Zebras at the Waterhole is one I practiced as a pair with USAJPA board member Tammy. Puzzling as a pair or team is a very different experience, and I actually prefer it! For one, the races usually go faster, but also it feels like a more social and interactive experience. Tammy and I had never puzzled together as a pair before. This puzzle was used for a USAJPA event and the winners finished in an extremely impressive 24 minutes and 3 seconds! It was another 8 minutes before the 2nd place team finished, and my time was over 40 minutes. Click here to get your own copy of the puzzle to try out speed puzzling, and here to compare your times with the competitors. 

Zebras at the Waterhole puzzle

For anyone interested in getting involved with speed puzzling, I recommend joining the USAJPA. There are a lot of non-competitive events as well. Speedpuzzling.com also hosts virtual speed puzzling events several times per month.

Back to Worlds - For those still reading and interested in the nitty gritty details, the contest format is as follows:

Individual - The first round has 6 groups of up to 200 participants, balancing participants from different countries between the groups. (At the time of blog submission, 65 countries are represented, and nearly 700 puzzlers!) Members of each group will complete the same 500 piece puzzle within 90 minutes (but different rounds will have different puzzles). 60 from each group will advance to the semifinal round, including the fastest from each country. In the semifinal round, participants will complete another 500 piece Ravensburger puzzle within 90 minutes. From there, 90 participants from each semifinal, again including the fastest from each country, will compete in the finals. The final puzzle will be an unpublished 500 piece Ravensburger puzzle from the 2024 catalog.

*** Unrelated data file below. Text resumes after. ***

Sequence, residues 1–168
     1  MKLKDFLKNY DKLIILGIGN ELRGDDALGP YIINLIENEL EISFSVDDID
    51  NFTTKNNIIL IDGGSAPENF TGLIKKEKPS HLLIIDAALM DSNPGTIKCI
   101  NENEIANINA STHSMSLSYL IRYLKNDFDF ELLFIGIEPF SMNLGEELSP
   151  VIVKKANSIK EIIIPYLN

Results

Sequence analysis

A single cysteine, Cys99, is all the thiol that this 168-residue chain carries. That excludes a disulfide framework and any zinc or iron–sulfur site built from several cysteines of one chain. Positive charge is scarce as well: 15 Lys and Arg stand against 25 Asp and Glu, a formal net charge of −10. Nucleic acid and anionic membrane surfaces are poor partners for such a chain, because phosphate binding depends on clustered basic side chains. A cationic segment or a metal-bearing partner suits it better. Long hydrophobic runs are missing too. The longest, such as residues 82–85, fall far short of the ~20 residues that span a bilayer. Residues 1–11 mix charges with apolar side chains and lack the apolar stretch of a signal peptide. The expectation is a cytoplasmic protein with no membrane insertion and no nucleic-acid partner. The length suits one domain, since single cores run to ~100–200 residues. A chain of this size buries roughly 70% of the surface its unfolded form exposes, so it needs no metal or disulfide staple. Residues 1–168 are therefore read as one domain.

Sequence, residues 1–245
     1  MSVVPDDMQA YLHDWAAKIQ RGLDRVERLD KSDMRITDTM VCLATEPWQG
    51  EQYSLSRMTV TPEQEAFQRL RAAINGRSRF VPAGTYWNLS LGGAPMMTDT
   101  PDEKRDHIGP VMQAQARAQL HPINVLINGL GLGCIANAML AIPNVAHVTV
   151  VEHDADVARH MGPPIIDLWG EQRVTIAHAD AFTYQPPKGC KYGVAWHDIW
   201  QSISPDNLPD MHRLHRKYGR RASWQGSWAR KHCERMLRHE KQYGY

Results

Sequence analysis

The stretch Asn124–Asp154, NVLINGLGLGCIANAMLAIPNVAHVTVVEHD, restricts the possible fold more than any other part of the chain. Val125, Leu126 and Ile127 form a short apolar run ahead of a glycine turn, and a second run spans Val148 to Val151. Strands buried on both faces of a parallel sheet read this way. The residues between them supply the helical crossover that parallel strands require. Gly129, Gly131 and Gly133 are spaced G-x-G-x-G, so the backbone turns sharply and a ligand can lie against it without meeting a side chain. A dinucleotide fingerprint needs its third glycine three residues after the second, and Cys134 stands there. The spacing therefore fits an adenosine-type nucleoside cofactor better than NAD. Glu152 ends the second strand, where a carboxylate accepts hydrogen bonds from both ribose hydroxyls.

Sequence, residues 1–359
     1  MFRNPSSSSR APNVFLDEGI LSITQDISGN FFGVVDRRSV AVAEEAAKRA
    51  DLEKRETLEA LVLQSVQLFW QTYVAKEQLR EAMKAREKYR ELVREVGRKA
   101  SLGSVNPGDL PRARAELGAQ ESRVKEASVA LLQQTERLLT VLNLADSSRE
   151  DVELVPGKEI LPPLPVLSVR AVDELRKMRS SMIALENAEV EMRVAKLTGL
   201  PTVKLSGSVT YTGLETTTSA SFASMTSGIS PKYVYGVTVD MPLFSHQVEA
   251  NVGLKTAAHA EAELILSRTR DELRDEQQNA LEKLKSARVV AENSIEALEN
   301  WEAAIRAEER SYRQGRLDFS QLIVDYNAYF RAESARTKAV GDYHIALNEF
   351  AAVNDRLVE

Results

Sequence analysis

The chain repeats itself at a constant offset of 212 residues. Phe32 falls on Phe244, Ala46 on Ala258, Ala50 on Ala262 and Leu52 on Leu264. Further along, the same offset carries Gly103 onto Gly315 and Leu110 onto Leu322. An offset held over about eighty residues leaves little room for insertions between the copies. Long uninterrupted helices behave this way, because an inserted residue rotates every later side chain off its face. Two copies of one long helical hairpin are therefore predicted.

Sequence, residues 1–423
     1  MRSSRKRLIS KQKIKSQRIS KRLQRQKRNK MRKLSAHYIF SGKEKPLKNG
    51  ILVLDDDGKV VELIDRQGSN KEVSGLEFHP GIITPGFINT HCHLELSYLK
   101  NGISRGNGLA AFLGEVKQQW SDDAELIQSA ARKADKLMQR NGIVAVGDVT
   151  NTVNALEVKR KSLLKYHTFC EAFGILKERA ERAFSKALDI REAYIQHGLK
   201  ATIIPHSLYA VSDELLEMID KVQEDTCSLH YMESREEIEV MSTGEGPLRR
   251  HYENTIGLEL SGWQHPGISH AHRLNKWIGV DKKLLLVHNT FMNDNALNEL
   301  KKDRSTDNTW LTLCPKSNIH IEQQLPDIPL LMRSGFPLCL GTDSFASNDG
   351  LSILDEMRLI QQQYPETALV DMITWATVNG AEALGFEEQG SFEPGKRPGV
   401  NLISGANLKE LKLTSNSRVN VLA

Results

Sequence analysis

Pairs - in the preliminary phase, 3 separate groups of pairs will complete a 500 piece puzzle within 90 minutes. The fastest pair from each country, then the next fastest puzzling pairs up to 30 will move on to the final round. (At time of blog submission, there are over 300 pairs from 45 countries!) In the finals, pairs will complete an unpublished 2024 1000 piece puzzle within 120 minutes.

Teams of 3 or 4: the preliminary round lasts 3 hours. Teams will be given 4 1000 piece puzzles and will have to choose which 2 to complete. There are 2 groups, of which the best 2 teams from each country will advance (up to 25), and a total of 50 teams from each group advance to the final round. (At time of blog submission there are 120 teams from 31 countries). In the final round, 100 teams will complete 2 unpublished 1000 piece puzzles within 3 hours.

And if you’re STILL reading and want more, I recommend checking out YouTuber Karen Puzzles recap on worlds from last year.

Thanks for tuning in, and feel free to tune into the livestream here later in September to support me and my fellow USA puzzlers!



Alyssa @puzzlesatoz

Comments - Add Comment 5.0 Stars 3
5 Stars
Josue C - Carson California

Nice Article! I think im gonna go ahead and join the USA JPA, and i didn't know you could compare times on this site! Thanks for the great info!

5 Stars
Lisa J. - Windermere, FL

Ooh...how exciting! Good luck to you and thanks for sharing the details. Very interesting!

5 Stars
Tamara Essler - Santa Clarita

Great article Alyssa! I never knew this existed!